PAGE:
If something is infiltrated into a device it may also never exfiltrate its data out over a corporate IP-connected network and may never need to connect to a command and control server that way. There are now a multitude of connection types available to devices and many of these will both leave and not be in control of the business. Bluetooth, low-power radio networks and mobile radio connections could all be used at the right time to move data from a compromised device.

Of course the attacker may not want to take any data at all, they might just want to compromise as many devices as possible and lie in wait to turn on some form of destructive attack at a later date, such as a Distributed Denial of Service, ransomware or wiper-style deletion attack.

All of these types of compromise point to the need to have additional intelligence from devices themselves rather than just relying on the network traffic and there is no better place to do this than the foundations of the device itself, inside the hardware.

No matter where anomaly and intrusion detection are taking place, false positives are always going to be a problem and a risk. They could cause a defender to become fatigued with the number of alerts they are getting or to misplace resources. For safety critical systems, taking the wrong action on a security anomaly could create an unsafe situation for a system’s users.

What if the attacker deliberately behaves in a way that causes the system to do something?

Sophisticated attacks may seek to trigger false positives. Bruce Schneier’s book Secrets and Lies talks about Mujahedeen attacks on Soviet bases in 1980s Afghanistan, where fence sensors would deliberately be triggered by throwing a rabbit near them. By doing this repeatedly, eventually the sensors would be turned off and next thing there would be a vehicle through the fence.

One could imagine this happening against monitoring at a low level in devices and the trick to dealing with this is to resist the temptation to take immediate action. Events should be appropriately assessed and systems designed in such a way that they do not tip-off or alert the attacker that the system is aware of anything out of the ordinary happening. This in the long-term also allows the defender to potentially gather intelligence on the attacker for later attribution efforts or for forensic purposes. Deciding exactly when to take action relies on taking a measured approach to whether damage or harm is going to be caused. This may be a human decision, but it may also be automated, so making sure the right decision is made is paramount.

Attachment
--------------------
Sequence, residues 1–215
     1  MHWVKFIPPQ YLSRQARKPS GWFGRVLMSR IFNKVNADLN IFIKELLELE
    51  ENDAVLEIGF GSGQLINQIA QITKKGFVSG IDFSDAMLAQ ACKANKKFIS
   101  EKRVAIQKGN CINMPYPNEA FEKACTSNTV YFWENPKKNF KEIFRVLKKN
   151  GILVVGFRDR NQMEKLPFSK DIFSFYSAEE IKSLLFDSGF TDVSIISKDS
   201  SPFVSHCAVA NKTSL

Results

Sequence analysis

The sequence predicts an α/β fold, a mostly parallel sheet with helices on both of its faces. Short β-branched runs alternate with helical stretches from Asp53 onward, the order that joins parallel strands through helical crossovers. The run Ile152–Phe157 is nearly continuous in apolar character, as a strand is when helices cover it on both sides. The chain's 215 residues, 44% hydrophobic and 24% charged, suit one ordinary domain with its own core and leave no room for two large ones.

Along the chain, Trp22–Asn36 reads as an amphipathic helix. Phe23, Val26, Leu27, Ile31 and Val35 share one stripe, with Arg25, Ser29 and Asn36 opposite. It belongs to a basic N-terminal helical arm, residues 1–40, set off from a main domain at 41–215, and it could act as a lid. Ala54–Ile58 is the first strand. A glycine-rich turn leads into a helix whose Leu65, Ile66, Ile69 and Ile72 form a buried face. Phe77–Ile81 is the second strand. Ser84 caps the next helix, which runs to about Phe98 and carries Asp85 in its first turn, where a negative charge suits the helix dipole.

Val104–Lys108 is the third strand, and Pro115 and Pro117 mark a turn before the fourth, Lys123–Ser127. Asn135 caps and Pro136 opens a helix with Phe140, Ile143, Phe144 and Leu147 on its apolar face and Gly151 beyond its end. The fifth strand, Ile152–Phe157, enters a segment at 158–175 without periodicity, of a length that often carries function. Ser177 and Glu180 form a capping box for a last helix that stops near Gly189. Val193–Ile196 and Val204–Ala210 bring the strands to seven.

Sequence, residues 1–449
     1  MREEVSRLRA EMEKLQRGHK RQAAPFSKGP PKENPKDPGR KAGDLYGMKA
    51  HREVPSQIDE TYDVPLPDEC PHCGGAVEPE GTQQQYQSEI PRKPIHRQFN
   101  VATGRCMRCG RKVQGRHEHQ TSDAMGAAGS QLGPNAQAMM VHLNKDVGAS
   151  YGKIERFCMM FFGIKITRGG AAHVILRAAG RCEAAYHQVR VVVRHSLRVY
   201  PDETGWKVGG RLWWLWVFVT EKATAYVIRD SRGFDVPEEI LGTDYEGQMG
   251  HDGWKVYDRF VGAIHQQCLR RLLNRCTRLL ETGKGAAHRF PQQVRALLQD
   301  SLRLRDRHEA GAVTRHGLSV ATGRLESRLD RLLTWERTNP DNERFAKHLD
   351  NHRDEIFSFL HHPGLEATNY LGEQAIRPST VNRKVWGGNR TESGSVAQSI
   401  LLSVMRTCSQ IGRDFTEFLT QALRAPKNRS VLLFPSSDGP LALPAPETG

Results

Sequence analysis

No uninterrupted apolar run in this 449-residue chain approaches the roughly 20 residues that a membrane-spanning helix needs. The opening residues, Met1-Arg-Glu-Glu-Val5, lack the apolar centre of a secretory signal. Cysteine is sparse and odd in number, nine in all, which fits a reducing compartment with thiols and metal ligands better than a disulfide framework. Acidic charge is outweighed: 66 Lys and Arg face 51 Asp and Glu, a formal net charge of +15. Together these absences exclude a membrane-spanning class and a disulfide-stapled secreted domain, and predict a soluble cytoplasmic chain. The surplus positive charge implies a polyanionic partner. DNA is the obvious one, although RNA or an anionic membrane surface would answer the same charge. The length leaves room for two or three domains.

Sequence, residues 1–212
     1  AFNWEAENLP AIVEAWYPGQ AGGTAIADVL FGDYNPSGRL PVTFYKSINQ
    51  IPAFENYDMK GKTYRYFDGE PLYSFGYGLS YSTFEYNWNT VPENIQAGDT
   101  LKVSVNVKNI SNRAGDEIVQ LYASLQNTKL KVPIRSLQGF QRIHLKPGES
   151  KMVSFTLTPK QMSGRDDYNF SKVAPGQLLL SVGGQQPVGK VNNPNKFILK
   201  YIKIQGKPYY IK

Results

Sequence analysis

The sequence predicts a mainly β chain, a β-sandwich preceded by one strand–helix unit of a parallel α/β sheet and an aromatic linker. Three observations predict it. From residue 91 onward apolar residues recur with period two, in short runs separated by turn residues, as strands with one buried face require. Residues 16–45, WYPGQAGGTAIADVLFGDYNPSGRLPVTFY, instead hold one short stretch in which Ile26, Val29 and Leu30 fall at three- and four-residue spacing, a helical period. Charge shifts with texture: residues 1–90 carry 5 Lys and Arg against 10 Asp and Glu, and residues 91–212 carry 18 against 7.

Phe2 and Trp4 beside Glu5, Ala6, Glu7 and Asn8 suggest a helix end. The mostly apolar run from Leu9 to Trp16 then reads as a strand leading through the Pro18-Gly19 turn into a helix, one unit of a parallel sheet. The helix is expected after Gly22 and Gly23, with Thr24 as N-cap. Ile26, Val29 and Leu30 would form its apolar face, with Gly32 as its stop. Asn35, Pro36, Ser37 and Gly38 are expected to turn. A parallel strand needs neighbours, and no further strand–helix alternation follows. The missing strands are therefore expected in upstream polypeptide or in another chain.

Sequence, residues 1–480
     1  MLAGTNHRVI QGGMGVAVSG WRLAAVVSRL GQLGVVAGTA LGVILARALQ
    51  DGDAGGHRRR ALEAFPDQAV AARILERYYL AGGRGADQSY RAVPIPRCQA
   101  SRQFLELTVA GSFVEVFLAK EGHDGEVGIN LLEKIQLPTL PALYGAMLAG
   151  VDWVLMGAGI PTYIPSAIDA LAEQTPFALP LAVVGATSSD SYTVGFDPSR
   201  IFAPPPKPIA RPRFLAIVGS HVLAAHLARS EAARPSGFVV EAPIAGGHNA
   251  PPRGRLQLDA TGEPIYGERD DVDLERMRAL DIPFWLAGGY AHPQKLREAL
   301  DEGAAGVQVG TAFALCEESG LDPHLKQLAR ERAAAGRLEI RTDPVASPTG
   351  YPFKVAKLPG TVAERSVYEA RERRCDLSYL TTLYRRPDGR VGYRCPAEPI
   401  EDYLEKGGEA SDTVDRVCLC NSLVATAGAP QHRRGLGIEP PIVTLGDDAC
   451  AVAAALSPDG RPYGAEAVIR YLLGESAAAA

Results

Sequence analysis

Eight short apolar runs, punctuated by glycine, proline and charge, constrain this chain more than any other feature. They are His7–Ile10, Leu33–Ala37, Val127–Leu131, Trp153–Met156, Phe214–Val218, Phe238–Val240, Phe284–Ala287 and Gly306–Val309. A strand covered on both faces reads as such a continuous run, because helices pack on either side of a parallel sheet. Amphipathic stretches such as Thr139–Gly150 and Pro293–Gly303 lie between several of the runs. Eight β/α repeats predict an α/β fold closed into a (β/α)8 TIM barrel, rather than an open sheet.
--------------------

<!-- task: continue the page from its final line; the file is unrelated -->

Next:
‘Babington with his Complices in St. Giles Fields’, 1586
(Public domain)

 

 

 

In the Babington plot, Walsingham even manipulated Mary’s communications, adding text to a letter from her, requesting that the conspirators were named. This caused Babington to reveal their names, leading to the unravelling of the plot.

Manipulating attacker traffic in a system to send back false data or to lead the attacker into blind traps is much more sophisticated and a potentially risky operation, but could be possible, with the defender significantly regaining the initiative over an attacker.

In the case of Mary Queen of Scots, Walsingham waited until exactly the right moment to trap her having taken control of the situation to this point. The evidence in the end was so damning that it caused the linguist who deciphered her messages to draw a gallows on the letter before he passed it to Walsingham.

The fifth and final blog in this cybersecurity series of guest blogs from David Rogers will discuss logical measures that can be taken against attackers along with reporting that an assault is underway.

UltraSoC will be hosting a webinar, co-hosted by David Rogers and UltraSoC CSO Aileen Ryan, on ‘The Future of Hardware Security – How history can help’, on 20th November 2019. Please click here to find out more and to register your place.